Project: Funding Transitional Justice


This article examines financial support for the International Criminal Court (ICC). We first consider how the ICC’s overall budget has changed over time. Then, we explore the evolution of support from individual donor governments. In addition, given former Prosecutor Bensouda’s emphasis on the effective investigation and prosecution of sexual and gender-based crimes, we examine the extent to which ICC funding is consistent with its apparent commitment to gender justice.

Our research contributes to debates about the cost of justice, donors and norm diffusion, South-North clashes over the definition and delivery of justice, and gender mainstreaming within costly international justice processes. We argue that the level of funding States Parties and other bodies allocate to particular forms of justice is a better proxy for their commitment to justice than their rhetoric, and conclude that the patterns of funding seen at the ICC support the claim that the Court remains, to a significant extent, a tool of powerful states.

Key findings

  • Funding dynamics demonstrate that the Court is a tool of powerful states. Funding constraints are introduced when the Court demonstrates independence and investigates situations that wealthy States Parties would prefer they avoid.
  • Providing financial support to the ICC allows states to demonstrate a commitment to global accountability norms while tarnishing rivals, as evidenced by Western governments interest in funding investigations of crimes arising from Russia’s invasion of Ukraine.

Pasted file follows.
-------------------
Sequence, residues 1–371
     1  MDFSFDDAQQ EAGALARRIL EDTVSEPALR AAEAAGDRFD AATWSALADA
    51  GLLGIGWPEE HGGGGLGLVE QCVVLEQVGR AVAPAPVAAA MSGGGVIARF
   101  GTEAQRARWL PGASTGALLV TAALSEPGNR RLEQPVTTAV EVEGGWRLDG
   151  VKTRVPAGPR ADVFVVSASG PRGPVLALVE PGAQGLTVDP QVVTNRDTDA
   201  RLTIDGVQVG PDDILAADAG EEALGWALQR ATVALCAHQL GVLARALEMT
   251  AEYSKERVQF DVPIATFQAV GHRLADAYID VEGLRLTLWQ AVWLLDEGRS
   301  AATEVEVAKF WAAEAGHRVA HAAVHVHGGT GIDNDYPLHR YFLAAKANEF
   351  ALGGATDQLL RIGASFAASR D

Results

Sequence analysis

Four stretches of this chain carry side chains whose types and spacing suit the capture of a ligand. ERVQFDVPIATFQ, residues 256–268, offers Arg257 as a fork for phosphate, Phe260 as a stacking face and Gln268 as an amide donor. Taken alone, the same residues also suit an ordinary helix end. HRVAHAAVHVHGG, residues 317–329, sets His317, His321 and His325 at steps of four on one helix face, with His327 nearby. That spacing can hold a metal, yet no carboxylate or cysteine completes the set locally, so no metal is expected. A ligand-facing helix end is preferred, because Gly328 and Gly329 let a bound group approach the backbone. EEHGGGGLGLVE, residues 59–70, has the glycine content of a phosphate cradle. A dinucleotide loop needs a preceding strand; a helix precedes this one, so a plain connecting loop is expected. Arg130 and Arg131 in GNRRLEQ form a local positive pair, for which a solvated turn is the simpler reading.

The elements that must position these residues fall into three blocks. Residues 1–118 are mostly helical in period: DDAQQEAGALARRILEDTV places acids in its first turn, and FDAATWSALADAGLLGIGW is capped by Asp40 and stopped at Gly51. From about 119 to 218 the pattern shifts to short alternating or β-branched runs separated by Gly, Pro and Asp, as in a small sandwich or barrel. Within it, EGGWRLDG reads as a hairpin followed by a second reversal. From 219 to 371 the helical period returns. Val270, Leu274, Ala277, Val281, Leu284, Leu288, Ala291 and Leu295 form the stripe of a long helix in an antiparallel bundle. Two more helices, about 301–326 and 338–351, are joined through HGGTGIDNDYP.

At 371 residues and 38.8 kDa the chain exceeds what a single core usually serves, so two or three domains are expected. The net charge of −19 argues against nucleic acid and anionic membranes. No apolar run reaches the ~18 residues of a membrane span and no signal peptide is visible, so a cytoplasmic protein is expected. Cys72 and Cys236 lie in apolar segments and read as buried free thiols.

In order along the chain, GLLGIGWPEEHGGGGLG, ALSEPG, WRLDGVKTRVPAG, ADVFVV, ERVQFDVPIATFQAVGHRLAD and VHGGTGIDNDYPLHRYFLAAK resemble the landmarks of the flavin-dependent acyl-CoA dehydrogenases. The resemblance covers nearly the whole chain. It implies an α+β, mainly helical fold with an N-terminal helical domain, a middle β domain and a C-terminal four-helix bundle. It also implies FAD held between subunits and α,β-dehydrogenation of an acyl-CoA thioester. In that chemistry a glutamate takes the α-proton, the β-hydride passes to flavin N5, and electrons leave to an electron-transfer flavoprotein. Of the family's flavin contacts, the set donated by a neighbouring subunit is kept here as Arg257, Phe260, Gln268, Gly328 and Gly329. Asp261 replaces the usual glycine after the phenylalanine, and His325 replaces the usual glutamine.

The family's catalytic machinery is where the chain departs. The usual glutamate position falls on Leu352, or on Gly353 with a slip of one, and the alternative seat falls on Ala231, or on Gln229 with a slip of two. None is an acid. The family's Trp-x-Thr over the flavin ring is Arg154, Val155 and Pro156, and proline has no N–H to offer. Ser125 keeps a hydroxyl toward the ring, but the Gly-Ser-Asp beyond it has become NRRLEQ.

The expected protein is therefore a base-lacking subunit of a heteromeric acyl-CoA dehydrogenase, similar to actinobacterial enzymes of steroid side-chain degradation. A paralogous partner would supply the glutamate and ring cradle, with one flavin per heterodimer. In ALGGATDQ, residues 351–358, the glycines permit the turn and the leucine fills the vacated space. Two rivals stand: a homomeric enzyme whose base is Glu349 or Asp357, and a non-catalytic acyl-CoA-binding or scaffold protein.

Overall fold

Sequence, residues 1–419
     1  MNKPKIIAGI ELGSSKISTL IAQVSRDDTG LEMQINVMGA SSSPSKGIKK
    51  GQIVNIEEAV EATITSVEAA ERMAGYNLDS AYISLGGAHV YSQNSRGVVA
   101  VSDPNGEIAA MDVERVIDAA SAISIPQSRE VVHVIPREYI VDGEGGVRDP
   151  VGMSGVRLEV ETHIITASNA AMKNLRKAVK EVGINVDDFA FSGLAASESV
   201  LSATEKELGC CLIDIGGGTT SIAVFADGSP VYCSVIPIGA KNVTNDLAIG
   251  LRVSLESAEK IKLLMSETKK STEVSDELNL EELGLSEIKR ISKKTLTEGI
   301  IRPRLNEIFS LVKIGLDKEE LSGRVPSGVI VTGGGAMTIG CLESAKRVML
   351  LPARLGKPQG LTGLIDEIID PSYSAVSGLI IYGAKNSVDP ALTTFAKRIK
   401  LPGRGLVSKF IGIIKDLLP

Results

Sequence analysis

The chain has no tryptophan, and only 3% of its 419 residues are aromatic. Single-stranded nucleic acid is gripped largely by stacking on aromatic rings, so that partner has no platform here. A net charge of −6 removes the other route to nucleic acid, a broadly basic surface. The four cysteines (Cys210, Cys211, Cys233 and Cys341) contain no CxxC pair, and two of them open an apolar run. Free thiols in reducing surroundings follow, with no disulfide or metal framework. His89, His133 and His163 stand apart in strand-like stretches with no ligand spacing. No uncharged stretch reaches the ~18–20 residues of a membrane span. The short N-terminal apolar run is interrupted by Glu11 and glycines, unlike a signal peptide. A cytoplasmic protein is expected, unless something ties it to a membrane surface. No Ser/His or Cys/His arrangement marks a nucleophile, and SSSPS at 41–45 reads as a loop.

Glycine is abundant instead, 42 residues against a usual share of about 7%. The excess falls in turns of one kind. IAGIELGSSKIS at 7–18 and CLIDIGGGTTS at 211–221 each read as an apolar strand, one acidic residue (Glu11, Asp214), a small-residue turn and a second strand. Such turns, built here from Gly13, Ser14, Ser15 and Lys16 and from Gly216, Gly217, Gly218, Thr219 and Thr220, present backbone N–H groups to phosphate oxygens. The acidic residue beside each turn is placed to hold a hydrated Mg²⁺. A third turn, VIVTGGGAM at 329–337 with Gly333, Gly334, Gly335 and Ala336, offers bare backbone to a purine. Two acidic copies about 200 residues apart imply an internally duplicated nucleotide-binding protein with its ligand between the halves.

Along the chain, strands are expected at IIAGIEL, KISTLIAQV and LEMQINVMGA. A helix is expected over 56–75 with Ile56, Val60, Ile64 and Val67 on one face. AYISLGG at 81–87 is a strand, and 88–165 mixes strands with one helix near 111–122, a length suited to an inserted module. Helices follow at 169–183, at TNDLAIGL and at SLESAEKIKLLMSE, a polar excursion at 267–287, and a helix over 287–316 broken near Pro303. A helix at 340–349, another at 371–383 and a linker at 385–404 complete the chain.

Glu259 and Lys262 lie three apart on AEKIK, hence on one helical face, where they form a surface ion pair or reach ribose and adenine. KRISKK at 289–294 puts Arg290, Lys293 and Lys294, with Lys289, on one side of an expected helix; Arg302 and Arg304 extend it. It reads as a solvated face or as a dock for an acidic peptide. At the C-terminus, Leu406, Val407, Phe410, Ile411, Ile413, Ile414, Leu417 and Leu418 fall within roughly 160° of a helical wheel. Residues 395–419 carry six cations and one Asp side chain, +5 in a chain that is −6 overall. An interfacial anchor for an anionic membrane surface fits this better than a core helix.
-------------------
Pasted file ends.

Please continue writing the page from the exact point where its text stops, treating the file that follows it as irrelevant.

• Many countries are behind in their mandatory contributions. Mechanisms exist to punish funding shortfalls, but they largely target poor countries that are not strategic allies of wealthy States Parties.
  • The Court has not had sufficient budget to achieve its often lofty aims, in particular around gender justice.
  • Budgetary allocations for victim support and defence counsel are comparatively small compared to other organs of the Court.
  • There is a relatively low amount of spending, comparatively, that is directed towards reparation and victim support (generally around 2% of the total ICC budget), and the amount spend on administrative costs is substantially higher than on operations.
  • There has been a high level of voluntary donation to the sexual and gender-based crimes programmes at the Trust Fund for Victims (TVF).


  • The Court needs to better convince States Parties that it provides good value for money.
  • More money needs to be devoted to delivering on tangible benefits for victims over administrative costs.
  • Additional resources are needed to sustain and expand progress on prioritising gender-based crimes and crimes against children across all parts of the Court’s operations.
  • The Court should adopt a gender mainstreaming approach to all budget and resource allocation issues.
  • The TVF needs more of its funding to come from mandatory contributions to facilitate stability for planning purposes.

Image credit: Roel Wijnants (CC BY-NC 2.0)